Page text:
Gevatter The James May of Simracing Reiza Backer

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    G3M3 is manual h-pattern.
     
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  14. Juan Reinoso

    Juan Reinoso Doctor SimRacing Reiza Backer

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    I think it's sequential with stick intead of paddles

    Maybe is wrong the description in game...
     
  15. Cliff

    Cliff Member

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    One of my mates was an engineer ate XTrac in the late 80s. At the same time he and I were racing a Rotax powered kart with a 6 speed sequential box. We had long discussions about how F1 teams were missing a trick by not using sequential with actuators. My mate even spoke to his boss at XTrac but he couldn't see the light either and was stuck in the H pattern mindset of the teams they were supplying gearboxes to.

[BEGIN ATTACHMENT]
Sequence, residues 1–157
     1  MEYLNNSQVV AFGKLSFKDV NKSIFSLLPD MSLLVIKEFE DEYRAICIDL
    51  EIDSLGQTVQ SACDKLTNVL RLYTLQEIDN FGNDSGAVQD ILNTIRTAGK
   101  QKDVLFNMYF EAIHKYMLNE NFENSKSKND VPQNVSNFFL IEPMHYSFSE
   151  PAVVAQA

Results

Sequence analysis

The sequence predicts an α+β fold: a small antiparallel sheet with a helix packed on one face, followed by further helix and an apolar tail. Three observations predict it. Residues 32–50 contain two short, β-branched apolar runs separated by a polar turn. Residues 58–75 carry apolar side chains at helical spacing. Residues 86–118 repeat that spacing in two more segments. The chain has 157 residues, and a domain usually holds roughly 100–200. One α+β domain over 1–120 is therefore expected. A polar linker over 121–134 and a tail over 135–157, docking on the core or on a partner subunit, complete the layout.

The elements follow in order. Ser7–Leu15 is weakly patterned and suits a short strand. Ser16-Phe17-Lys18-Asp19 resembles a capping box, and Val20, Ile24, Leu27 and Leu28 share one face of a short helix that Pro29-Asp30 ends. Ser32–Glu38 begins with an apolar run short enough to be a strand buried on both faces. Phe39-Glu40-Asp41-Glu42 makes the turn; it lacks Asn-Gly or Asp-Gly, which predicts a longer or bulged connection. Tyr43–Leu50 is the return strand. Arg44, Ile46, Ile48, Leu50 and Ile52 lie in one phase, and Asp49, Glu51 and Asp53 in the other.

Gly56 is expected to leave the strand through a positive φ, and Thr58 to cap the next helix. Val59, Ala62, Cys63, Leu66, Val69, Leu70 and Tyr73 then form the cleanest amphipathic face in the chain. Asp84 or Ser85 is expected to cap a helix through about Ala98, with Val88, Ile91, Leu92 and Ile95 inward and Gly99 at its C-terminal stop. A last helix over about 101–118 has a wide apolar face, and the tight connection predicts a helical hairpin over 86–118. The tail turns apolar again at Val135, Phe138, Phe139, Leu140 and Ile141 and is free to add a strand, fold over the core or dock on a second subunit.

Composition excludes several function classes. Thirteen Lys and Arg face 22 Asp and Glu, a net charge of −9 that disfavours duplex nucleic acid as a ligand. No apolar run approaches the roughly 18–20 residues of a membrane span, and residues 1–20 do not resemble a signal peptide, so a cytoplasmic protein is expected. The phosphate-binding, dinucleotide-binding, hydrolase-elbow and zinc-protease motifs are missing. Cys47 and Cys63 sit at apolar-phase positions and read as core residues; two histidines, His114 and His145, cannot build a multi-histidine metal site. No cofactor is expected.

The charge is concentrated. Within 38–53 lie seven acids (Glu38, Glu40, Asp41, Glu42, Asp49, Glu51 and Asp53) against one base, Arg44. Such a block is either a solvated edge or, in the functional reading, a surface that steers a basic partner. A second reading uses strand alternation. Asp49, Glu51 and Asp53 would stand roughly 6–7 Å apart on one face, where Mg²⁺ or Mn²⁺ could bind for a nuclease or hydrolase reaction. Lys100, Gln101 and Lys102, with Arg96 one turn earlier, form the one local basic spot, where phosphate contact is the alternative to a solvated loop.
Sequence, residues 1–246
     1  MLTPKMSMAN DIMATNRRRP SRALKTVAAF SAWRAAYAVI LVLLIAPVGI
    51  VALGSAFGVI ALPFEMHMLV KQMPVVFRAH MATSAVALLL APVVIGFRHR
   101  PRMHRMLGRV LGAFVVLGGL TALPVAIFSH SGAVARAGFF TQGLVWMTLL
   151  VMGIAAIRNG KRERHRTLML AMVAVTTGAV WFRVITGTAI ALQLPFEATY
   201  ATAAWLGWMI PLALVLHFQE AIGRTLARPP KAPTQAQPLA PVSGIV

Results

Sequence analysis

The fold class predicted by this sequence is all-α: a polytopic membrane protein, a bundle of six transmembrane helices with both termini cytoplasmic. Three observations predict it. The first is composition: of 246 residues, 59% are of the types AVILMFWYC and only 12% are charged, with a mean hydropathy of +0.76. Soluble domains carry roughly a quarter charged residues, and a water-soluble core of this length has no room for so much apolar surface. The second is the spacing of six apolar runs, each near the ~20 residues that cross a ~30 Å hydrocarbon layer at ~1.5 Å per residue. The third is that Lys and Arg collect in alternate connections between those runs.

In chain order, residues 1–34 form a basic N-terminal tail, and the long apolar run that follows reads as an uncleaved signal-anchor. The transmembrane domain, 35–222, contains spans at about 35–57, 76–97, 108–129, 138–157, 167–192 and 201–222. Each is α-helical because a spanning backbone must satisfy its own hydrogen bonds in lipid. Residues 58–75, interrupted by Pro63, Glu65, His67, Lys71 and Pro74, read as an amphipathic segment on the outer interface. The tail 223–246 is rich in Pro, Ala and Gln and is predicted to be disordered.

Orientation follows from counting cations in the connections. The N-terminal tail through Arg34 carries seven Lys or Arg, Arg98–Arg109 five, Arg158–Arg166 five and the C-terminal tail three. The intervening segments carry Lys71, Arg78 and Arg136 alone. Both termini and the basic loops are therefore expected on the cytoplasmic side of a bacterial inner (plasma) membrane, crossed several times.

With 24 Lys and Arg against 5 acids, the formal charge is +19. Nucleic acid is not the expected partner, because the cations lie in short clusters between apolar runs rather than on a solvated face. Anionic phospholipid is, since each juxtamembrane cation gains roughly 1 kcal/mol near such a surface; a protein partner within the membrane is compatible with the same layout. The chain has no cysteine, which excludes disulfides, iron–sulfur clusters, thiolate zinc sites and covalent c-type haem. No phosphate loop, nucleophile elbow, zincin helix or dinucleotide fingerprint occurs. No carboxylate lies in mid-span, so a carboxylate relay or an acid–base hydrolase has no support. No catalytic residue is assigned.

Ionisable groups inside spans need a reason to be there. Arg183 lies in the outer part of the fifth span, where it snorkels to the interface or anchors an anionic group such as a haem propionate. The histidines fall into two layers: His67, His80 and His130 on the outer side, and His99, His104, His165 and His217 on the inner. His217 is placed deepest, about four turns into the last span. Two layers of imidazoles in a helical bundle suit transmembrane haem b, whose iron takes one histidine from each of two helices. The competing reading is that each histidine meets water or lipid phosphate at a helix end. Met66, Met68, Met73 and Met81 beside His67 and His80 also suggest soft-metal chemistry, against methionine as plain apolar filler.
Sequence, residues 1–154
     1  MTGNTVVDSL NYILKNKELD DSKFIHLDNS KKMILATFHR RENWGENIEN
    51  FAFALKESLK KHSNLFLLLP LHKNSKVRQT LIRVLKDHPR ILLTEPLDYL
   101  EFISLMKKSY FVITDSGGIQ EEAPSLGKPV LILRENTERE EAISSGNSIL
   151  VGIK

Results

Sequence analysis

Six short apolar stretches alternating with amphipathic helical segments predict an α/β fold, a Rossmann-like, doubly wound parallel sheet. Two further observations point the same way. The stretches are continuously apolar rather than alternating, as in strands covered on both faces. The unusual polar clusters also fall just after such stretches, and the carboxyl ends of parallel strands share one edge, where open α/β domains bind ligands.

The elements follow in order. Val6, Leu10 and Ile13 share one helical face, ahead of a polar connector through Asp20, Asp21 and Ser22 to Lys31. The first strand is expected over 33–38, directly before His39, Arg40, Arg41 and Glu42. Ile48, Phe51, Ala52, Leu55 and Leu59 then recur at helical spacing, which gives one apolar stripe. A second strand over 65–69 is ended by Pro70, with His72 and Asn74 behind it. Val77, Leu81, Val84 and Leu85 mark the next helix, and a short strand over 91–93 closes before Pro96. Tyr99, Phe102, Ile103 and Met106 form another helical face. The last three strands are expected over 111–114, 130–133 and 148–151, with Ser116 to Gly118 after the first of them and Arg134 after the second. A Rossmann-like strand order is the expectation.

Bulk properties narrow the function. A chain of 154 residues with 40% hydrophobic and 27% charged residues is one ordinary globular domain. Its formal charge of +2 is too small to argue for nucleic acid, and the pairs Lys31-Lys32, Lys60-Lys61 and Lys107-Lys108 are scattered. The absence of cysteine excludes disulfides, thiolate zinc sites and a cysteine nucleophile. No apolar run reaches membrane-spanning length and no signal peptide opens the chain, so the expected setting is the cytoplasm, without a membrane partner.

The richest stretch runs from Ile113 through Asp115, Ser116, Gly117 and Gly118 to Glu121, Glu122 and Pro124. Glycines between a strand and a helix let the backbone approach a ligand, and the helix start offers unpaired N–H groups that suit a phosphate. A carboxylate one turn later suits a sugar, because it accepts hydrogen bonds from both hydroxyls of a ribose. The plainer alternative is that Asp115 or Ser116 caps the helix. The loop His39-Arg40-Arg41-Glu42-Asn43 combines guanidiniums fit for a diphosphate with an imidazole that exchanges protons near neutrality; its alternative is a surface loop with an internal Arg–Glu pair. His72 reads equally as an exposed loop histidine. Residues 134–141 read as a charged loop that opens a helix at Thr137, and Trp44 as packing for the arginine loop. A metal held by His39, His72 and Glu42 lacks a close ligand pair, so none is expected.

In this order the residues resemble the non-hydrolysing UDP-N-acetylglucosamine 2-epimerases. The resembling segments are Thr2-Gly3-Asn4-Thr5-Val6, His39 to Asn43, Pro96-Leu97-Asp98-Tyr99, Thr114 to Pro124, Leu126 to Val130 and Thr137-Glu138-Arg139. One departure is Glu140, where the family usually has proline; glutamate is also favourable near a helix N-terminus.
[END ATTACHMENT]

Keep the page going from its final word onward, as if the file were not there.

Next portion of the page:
It was indeed, as you say, Ferrari who made the leap.
     
  16. Gevatter

    Gevatter The James May of Simracing Reiza Backer

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    There never were sequential stick shifters in F1. The G3M3 is manual, but the description could be wrong of course, no idea if the descriptions are already final.
     
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  17. Juan Reinoso

    Juan Reinoso Doctor SimRacing Reiza Backer

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    Everyday you learn something new :D
     
  18. Cliff

    Cliff Member

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    It's definitely manual.
     
  19. Marc Collins

    Marc Collins Well-Known Member Reiza Backer

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    Half the stuff in the UI is still placeholder/wrong.
     
  20. alink

    alink Active Member

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    maybe description is wrong and it's sequential, but Martin Brundle definetly has a h-shifter. You see that his hand goes forward and backward when shifting through the gears in both way, up and down. I will try the same way with classic G1 (as the Lotus in Adelaide, think it's 1985 and Dunfries in the cockpit). But his shifting takes longer so maybe he's clutching(?)